Greene told NBC 5 he was concerned about the rating but wanted to investigate further.
“Well I'd have to look at the study where they might talk about what causes it to be marginal, but yeah, that would be a concern anytime something comes out at the risk of our kids wearing a helmet where we can put them in something better,” said Greene.
Riddell stopped making the VSR4 helmet in 2011.
The company told NBC 5 Investigates it was "the most advanced helmet in the marketplace for many years" but that "the game has since evolved significantly." The company now has "programs in place to encourage those playing football to transition to new helmets that incorporate more advanced technology."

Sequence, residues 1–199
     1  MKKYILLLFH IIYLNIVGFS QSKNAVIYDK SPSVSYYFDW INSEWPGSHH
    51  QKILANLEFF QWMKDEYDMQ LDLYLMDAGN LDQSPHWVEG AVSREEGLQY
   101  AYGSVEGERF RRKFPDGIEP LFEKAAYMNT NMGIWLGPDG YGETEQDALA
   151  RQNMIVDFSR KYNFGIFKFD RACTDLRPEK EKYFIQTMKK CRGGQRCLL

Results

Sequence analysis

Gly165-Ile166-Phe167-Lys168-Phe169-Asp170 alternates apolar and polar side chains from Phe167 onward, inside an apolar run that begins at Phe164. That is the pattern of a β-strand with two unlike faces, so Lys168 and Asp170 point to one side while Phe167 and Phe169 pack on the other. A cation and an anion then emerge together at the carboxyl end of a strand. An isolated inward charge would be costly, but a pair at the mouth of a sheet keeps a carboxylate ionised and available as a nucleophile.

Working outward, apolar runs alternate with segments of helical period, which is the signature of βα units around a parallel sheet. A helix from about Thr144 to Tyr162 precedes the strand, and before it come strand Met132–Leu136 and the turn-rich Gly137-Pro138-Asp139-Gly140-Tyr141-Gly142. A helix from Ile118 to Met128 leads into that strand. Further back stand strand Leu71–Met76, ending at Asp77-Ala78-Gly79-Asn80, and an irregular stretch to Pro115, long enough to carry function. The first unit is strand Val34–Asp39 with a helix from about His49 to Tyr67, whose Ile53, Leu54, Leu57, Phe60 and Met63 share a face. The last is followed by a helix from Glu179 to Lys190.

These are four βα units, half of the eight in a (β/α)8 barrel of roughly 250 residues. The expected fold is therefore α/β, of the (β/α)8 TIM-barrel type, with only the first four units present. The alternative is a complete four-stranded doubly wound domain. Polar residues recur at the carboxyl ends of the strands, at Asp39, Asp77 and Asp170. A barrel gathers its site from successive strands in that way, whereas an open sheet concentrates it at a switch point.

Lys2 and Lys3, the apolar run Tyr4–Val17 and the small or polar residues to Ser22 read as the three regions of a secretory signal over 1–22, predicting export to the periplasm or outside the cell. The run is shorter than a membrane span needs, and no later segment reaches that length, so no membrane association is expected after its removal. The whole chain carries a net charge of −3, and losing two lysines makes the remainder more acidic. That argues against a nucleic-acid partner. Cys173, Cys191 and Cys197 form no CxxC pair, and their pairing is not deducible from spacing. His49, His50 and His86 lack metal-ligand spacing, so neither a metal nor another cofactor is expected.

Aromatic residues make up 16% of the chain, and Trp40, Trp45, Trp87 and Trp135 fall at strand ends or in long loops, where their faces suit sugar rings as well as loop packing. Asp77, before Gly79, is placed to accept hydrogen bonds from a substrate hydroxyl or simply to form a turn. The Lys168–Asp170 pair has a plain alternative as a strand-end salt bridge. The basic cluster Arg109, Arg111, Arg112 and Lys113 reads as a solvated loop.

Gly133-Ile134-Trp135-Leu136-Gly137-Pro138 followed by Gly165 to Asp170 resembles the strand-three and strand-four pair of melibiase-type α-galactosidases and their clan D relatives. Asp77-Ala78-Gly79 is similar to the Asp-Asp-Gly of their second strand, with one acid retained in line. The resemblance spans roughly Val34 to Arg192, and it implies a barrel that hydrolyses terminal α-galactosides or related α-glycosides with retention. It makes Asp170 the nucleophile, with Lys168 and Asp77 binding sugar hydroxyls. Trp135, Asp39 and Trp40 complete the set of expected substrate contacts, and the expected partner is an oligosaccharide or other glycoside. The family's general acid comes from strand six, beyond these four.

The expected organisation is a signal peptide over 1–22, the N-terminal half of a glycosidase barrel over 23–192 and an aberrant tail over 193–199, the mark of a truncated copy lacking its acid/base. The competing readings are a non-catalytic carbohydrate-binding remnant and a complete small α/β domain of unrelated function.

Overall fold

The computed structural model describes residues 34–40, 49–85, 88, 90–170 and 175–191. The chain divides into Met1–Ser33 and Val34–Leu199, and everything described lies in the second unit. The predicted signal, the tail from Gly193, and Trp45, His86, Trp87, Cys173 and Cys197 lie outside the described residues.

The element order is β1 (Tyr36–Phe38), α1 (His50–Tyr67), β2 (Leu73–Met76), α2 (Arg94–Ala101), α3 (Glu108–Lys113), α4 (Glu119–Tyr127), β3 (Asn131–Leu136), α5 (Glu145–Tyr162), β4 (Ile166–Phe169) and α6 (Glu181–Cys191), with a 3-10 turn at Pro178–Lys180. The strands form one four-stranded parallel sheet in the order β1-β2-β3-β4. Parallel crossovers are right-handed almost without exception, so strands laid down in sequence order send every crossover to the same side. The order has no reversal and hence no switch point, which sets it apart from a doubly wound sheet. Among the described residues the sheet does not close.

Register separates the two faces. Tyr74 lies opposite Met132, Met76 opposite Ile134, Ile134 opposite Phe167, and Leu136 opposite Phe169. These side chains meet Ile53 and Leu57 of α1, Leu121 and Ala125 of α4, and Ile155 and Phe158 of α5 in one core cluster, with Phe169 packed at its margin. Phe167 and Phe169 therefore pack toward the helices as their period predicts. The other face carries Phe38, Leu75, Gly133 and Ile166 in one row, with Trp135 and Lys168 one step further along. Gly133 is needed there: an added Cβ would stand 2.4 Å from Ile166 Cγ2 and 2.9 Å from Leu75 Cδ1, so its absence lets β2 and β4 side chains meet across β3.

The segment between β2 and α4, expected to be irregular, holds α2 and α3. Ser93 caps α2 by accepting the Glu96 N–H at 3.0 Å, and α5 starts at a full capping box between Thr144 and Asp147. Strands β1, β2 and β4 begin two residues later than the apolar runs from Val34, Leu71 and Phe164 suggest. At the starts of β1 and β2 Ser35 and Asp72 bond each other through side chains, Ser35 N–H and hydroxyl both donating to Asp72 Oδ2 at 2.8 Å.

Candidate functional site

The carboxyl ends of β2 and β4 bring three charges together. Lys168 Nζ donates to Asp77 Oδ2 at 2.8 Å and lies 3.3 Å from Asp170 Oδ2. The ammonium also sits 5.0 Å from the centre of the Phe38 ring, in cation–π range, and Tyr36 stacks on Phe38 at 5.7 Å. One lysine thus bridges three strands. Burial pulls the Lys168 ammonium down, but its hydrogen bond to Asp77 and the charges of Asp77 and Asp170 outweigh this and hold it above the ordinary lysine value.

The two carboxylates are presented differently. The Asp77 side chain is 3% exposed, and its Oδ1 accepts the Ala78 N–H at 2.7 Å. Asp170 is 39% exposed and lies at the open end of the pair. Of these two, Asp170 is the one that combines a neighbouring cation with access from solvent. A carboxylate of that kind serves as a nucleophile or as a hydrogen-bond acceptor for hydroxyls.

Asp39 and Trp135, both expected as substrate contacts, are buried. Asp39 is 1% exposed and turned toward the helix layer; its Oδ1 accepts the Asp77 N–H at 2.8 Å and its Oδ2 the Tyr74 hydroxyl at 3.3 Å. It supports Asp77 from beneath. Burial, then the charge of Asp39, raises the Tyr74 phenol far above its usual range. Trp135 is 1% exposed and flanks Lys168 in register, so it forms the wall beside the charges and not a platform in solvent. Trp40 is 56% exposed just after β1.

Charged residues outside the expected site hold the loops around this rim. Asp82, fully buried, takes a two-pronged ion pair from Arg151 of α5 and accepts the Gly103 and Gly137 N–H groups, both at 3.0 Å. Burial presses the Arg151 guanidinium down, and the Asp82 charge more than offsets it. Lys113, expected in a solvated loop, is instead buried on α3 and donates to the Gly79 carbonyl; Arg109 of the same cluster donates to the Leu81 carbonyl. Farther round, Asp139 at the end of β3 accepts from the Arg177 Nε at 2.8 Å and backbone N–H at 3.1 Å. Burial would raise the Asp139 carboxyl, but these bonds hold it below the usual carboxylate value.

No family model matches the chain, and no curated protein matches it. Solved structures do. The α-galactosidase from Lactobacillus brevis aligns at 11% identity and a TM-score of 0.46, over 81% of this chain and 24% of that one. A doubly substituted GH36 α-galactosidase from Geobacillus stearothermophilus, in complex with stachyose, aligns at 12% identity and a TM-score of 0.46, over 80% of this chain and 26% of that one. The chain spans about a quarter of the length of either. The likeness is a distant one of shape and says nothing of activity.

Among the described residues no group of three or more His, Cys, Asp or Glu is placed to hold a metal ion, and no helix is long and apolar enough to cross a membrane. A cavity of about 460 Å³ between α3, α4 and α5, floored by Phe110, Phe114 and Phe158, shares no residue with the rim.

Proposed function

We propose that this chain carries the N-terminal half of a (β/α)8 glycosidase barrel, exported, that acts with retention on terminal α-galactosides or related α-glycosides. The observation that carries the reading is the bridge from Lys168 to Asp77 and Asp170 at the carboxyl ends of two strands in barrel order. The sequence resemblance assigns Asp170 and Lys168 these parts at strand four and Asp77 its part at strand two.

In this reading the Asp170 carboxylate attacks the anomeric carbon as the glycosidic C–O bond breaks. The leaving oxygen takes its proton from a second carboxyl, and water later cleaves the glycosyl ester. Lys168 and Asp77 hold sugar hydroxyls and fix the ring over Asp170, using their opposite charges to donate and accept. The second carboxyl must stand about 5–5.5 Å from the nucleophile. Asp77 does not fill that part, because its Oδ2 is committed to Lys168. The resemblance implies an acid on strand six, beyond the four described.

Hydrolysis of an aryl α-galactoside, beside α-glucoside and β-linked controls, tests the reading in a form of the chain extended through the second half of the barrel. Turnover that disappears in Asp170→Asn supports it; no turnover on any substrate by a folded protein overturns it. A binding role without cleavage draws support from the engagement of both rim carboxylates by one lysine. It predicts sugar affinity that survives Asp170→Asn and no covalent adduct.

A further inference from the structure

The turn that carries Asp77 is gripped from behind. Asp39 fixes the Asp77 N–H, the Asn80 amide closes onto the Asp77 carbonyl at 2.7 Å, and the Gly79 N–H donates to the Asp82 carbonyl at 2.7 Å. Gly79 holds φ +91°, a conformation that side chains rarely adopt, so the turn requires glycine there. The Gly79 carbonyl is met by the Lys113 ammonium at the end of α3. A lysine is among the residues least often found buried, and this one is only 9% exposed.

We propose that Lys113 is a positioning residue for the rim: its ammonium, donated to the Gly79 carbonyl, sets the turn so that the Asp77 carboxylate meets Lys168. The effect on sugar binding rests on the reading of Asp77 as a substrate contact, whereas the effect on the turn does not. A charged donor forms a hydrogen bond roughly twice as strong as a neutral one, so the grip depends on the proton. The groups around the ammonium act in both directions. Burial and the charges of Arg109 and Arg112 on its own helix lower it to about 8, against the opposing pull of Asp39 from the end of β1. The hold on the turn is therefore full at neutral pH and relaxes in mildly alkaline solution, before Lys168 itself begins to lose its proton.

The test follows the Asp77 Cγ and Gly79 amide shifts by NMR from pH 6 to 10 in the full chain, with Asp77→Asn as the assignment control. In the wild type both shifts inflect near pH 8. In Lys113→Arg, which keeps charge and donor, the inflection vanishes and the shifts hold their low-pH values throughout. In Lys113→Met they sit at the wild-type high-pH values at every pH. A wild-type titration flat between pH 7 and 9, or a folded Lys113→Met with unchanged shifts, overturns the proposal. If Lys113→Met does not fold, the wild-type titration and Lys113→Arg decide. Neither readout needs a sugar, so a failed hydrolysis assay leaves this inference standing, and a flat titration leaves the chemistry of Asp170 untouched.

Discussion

Virginia Tech researchers believe schools should immediately get rid of those helmets.
“They should stop using those helmets. Again, 2014, going into the fall season, I wouldn't want to be the principal or athletic director who said that's OK,” said Duma.
The Garland Independent School District still has about 50 players wearing the 1-star rated VSR4's this season at North Garland, South Garland and Rowlett High Schools.
But Athletic Director Cliff Odenwald said he's still confident the helmets are safe since they have the helmets reconditioned and re-certified regularly to make sure they perform the way they did when they were first built. If a helmet passes that test, he believes it’s safe regardless of Virginia Tech’s ratings.